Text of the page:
The firms will provide services and equipment to redevelop the Schiehallion and Loyal fields to the west of Shetland.
The fields have produced nearly 400 million barrels of oil since 1998 and it is thought a further 450 million barrels could still be extracted from the sites on the North Atlantic margin.
In July 2011 the oil firm and its partners announced their intention to invest £3 billion to redevelop both fields in a project known as Quad 204. The money is going into new facilities to extend production over the next two decades and possibly beyond.
Trevor Garlick, BP's regional president for the North Sea, said: "The UK-based subsea engineering industry offers great expertise and capability and is fully engaged in developing highly advanced equipment that will ensure we maximise recovery from this field until 2035 and beyond.
"It is great to see more than 30 companies from all parts of the UK working together to contribute towards this important offshore project."
The revamp of the fields, operated by BP on behalf of its partners, involves two key elements.
One will replace the existing Schiehallion floating, production, storage and offloading vessel with a new one which is scheduled to be installed in 2015. The new vessel will be 270 metres long and able to process and export up to 130,000 barrels of oil a day and store more than a million barrels.
A major upgrade of the subsea infrastructure is also planned.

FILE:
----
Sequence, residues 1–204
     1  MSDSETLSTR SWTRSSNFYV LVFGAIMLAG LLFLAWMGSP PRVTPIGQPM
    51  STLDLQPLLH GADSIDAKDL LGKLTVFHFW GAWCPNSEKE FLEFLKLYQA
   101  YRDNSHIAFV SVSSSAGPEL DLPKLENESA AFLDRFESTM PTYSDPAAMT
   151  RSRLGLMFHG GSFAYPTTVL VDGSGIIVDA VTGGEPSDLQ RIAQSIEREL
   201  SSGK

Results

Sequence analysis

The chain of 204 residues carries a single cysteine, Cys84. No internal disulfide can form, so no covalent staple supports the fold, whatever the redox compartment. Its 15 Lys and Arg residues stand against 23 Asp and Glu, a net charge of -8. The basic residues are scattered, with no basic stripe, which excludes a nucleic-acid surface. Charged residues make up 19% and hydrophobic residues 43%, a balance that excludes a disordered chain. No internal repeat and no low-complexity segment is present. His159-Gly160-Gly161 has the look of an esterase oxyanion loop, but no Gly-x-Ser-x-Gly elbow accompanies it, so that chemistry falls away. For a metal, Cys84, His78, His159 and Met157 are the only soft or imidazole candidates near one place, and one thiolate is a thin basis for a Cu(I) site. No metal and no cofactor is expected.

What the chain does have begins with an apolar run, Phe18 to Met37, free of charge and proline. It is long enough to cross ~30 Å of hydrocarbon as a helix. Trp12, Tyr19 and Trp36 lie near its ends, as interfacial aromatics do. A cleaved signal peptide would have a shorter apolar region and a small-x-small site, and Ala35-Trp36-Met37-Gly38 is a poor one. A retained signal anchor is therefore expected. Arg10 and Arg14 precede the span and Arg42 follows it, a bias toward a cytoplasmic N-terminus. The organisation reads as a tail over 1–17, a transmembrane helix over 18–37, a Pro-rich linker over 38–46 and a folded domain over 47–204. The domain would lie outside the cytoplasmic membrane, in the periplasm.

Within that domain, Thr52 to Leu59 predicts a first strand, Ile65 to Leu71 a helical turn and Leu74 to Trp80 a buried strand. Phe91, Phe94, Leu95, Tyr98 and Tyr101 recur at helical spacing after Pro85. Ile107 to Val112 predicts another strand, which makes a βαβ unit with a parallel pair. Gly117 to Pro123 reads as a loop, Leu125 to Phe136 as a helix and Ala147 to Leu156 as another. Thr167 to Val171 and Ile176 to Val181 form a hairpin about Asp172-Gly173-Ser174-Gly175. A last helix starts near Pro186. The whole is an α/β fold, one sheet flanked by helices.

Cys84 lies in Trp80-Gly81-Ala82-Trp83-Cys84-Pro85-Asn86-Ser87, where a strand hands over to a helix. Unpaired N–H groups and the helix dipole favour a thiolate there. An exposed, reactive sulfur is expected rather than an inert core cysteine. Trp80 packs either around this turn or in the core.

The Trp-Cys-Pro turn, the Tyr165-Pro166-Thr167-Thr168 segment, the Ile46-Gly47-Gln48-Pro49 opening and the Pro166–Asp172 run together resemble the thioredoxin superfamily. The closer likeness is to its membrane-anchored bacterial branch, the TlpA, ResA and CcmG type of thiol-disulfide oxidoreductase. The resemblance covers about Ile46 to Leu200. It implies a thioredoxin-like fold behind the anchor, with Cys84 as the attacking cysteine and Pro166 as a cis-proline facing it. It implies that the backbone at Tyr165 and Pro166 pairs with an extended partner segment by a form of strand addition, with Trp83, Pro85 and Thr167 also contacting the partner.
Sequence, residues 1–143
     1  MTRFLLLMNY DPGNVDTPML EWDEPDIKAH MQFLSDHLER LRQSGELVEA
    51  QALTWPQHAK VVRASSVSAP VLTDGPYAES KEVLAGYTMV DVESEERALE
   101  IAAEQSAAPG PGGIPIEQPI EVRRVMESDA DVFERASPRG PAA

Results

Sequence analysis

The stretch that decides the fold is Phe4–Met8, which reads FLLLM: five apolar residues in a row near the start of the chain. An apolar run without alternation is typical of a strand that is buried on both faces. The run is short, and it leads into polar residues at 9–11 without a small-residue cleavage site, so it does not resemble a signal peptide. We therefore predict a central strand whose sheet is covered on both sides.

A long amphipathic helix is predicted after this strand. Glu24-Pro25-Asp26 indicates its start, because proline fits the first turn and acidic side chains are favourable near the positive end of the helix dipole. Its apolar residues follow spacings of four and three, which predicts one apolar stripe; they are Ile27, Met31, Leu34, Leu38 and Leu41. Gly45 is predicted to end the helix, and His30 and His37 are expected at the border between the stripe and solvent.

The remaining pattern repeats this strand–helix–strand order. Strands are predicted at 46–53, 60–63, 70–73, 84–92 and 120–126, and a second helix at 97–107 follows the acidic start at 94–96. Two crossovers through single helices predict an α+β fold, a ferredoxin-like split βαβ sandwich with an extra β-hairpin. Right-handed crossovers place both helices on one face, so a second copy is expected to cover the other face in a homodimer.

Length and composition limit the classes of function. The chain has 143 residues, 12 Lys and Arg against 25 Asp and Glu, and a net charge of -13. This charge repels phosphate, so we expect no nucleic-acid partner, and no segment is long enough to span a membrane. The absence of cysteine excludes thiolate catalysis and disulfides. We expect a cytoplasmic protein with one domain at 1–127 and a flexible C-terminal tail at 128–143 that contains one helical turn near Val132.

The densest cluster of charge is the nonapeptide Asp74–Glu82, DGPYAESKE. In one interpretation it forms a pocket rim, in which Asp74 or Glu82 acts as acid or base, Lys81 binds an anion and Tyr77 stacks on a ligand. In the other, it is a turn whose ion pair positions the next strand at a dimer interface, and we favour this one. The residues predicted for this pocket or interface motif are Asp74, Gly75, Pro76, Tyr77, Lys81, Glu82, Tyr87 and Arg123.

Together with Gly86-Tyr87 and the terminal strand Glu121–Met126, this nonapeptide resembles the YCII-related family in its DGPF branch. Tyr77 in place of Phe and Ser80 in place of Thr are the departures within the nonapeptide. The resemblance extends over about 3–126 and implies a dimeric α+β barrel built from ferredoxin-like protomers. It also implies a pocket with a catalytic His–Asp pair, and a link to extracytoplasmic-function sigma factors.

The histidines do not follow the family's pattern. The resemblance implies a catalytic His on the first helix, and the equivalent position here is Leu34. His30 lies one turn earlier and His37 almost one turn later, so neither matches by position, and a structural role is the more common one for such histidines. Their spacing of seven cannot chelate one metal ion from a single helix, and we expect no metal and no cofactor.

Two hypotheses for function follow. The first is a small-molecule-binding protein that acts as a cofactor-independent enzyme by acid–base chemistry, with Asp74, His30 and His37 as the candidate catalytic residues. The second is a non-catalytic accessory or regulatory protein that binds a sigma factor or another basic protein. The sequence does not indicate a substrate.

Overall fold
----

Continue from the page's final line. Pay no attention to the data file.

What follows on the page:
Production on the new facilities is set to begin in 2016.
BP said OneSubsea was awarded the latest contract, worth £65 million, to manufacture subsea "trees" in Leeds.
It follows awards made since last year to companies based in Aberdeen, Bristol, Fife, Leicester, Newcastle, Shetland, Wirral and other UK locations, taking the total value of the contracts to more than £1 billion.
UK Business Secretary Vince Cable said: "As I saw for myself at the Offshore Europe conference in Aberdeen last week, Britain's oil and gas industry continues to thrive. Its expertise and innovation is impressive.
"Employing over 400,000 people and providing the majority of our energy needs, the Government's industrial strategy will help keep this important sector growing.
"An important part of the strategy is re-energising the British supply chain. I want to create the conditions for the SMEs (small and medium-sized enterprises) across the country to flourish in a highly competitive global market. So it's encouraging that the UK supply chain have played a major role in the development of BP's Quad 204 project and I hope more will follow."